Monday, August 17th, 2009
Picton Castle sailed from Summerside, PEI last Tuesday, bound for Iles de la Madeleine. Twelve new crew members joined us in Summerside and they were all oriented to the ship and began their instruction in safety procedures and the sails and rigging while at anchor. We did two drills on Tuesday, one simulating a man overboard where we deployed gear, launched and recovered the rescue boat, the other simulating a fire in the rag bin where we ran out and charged the fire hoses. We sailed off the hook in Summerside, then out the channel and into the Northumberland Strait.
The wind was more favourable for us to head east in the Strait (we could have gone west around PEI), passing under the Confederation Bridge once again. We passed through the centre span under sail late Tuesday afternoon, then headed to anchor on the PEI coast just on the other side of the bridge. Wednesday morning we continued sailing east in the Northumberland Strait, turning on the main engine for a few hours to help push us along in the light wind. We anchored again that evening, on the Nova Scotia side of the Northumberland Strait.
Thursday brought the first overnight sail for our new crew. We broke into watches shortly after heaving up the anchor and started sailing around the east end of PEI. By Thursday evening, we could see the lights of Souris in north eastern PEI, then we sailed out into the Gulf of St. Lawrence, out of sight of land, towards Iles de la Madeleine.
Being at sea for a few days means that the crew can fall into a comfortable rhythm of watches and ship’s work. On this passage, the pin rails on the foc’sle head were scraped, sanded and varnished, the breezeway overhead was painted, rust was chipped from the starboard bulwarks on the well deck, ratlines were replaced, the mizzen shrouds were tarred, and blocks were oiled on deck and aloft. Sailmaker David was working on a sail he laid out in Summerside for MR BONES, our Grenadian boat built on board this past winter. MR BONES was on the hatch to get the final bits of a sailing rig installed, so when the sail was finished we set up the rig in the boat on the hatch to test it out. The mainsail looked great, so David also put together a jib, made of the same green and orange tarp material. This was a busy passage for the sailmaker as David also put the finishing touches on a new main royal, which would be bent on while at anchor.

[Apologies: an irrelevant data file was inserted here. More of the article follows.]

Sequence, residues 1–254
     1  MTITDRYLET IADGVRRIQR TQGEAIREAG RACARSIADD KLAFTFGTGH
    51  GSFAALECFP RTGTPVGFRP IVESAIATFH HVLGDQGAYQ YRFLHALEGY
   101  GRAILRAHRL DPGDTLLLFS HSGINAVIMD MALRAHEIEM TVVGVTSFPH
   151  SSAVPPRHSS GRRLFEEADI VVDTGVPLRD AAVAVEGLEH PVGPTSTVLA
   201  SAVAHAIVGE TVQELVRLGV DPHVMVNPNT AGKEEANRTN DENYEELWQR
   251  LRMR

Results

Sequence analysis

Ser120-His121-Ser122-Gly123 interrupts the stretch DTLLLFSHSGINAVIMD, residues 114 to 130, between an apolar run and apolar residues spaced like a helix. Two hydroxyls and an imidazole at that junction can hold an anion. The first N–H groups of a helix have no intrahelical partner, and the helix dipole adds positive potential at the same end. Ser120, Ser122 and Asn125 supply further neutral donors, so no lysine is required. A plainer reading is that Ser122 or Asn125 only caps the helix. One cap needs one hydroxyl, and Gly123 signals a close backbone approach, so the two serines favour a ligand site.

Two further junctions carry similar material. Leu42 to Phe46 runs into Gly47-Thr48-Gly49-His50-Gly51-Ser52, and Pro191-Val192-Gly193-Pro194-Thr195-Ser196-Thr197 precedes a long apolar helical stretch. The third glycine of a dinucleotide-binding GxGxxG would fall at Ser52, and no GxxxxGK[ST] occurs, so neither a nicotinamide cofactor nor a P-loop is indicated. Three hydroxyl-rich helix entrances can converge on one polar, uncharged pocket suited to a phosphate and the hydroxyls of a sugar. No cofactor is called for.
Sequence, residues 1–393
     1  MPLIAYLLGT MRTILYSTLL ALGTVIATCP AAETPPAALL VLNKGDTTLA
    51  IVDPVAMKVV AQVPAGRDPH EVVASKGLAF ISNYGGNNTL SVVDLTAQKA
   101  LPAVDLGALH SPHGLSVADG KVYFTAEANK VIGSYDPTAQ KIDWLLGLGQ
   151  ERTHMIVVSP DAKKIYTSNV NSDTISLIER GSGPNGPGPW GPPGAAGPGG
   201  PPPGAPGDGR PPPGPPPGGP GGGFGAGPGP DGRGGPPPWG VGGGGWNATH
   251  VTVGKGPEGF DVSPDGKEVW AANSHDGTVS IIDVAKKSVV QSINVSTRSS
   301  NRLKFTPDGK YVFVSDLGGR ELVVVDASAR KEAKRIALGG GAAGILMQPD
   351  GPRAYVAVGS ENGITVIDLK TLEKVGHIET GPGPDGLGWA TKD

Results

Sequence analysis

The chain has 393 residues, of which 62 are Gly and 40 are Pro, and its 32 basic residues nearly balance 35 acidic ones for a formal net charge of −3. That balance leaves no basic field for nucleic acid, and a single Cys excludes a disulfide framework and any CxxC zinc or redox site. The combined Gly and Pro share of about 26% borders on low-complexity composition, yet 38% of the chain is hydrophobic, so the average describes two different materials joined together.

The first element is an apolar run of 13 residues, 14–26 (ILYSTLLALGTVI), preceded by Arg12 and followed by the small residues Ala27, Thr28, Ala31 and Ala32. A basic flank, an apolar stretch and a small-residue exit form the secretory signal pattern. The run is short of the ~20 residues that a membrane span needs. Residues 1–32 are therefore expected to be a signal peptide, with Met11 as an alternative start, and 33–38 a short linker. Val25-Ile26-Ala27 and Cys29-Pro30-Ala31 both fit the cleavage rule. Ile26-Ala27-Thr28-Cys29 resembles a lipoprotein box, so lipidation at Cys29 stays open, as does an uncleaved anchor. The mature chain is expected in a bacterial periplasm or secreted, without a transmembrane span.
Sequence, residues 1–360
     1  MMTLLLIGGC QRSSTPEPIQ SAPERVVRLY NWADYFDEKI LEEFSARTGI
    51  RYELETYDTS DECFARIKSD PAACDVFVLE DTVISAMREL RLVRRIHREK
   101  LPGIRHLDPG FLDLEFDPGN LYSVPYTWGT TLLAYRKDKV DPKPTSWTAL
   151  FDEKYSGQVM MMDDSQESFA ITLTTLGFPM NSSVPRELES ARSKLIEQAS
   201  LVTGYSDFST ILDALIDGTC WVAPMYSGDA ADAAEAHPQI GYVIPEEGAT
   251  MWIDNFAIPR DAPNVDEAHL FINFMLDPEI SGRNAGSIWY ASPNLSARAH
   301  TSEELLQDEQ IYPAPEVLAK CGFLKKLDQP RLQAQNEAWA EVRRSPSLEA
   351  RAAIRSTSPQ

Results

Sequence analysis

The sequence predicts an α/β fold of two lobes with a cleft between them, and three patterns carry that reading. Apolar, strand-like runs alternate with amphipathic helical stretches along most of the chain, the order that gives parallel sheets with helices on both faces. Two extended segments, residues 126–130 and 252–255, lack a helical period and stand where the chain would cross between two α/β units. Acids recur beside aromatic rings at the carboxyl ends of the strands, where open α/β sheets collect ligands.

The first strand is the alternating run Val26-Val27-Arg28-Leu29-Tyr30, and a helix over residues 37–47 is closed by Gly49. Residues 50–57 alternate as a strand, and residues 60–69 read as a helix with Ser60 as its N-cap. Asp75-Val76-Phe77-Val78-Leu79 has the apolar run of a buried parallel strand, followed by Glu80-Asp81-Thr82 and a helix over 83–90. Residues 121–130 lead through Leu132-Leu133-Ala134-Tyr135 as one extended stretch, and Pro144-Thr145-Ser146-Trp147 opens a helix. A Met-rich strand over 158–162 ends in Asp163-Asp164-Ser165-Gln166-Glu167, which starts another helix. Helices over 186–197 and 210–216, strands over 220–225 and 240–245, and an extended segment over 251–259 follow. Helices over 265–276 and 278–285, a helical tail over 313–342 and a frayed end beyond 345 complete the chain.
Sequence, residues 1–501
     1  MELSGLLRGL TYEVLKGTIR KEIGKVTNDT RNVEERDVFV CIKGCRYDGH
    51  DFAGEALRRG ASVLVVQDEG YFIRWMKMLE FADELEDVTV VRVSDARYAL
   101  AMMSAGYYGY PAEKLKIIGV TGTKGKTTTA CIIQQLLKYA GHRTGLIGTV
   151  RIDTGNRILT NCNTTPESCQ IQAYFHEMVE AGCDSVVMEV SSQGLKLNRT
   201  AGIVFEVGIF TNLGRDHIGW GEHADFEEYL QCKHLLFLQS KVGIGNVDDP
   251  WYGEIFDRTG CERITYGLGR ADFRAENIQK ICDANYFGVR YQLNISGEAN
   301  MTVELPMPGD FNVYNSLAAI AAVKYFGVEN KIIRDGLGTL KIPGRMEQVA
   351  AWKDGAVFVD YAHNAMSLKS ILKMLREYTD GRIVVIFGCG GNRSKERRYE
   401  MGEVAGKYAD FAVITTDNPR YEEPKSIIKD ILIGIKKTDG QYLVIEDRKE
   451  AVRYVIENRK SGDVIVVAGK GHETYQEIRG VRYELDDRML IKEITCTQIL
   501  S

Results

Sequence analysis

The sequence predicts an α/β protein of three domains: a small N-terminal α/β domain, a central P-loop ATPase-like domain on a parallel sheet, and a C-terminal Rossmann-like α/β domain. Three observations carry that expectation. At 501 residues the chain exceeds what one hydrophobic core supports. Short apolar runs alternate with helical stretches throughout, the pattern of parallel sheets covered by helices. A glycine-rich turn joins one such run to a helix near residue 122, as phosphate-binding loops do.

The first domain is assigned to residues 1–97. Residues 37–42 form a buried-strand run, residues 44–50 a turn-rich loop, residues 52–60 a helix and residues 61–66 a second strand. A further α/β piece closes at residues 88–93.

Friday was a great sailing day as we approached Iles de la Madeleine. We spotted Entry Island, the most south-eastern island in the archipelago first, then sailed past it and into the Baie de Plaisance (which translates to English as Pleasure Bay) and toward the island and town of Cap Aux Meules (which translates to English as Wheel Cape, as in a cheese wheel, not sure why that’s its name) where we would anchor.